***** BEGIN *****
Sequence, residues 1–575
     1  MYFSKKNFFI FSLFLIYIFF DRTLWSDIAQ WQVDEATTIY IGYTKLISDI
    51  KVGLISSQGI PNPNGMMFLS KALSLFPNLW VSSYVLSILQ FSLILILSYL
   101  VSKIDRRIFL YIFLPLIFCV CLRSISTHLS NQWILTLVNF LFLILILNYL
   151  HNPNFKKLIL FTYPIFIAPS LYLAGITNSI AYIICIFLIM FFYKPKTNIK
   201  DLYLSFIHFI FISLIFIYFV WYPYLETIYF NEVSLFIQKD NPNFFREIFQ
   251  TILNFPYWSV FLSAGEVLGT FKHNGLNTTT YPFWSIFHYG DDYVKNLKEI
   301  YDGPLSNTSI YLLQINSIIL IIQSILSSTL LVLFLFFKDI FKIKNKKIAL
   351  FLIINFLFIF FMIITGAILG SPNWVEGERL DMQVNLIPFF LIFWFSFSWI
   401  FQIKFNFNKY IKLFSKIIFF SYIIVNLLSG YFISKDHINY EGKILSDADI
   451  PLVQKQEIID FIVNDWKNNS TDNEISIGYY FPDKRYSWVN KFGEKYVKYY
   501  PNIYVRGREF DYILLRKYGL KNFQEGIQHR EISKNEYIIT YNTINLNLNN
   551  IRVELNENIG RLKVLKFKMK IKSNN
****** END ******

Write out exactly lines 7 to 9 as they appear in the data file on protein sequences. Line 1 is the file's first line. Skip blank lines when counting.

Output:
   251  TILNFPYWSV FLSAGEVLGT FKHNGLNTTT YPFWSIFHYG DDYVKNLKEI
   301  YDGPLSNTSI YLLQINSIIL IIQSILSSTL LVLFLFFKDI FKIKNKKIAL
   351  FLIINFLFIF FMIITGAILG SPNWVEGERL DMQVNLIPFF LIFWFSFSWI